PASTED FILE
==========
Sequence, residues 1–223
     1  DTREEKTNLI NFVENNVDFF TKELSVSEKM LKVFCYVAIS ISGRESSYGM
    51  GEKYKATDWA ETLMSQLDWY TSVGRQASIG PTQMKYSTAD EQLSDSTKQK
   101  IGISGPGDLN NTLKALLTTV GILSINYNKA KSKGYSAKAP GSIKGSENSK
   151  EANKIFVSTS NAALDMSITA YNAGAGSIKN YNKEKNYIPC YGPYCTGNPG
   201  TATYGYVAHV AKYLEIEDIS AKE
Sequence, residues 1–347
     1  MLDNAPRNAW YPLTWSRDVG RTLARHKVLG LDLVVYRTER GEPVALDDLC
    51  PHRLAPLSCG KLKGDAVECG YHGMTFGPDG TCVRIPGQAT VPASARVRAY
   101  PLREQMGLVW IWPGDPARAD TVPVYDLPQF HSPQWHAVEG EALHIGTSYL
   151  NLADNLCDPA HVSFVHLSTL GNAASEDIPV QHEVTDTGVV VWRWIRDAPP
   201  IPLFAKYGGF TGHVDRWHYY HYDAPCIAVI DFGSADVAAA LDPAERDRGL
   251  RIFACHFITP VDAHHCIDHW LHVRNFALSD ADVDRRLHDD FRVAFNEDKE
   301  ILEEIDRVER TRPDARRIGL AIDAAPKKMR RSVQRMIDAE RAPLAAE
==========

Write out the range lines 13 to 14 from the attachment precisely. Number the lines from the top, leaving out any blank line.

   251  RIFACHFITP VDAHHCIDHW LHVRNFALSD ADVDRRLHDD FRVAFNEDKE
   301  ILEEIDRVER TRPDARRIGL AIDAAPKKMR RSVQRMIDAE RAPLAAE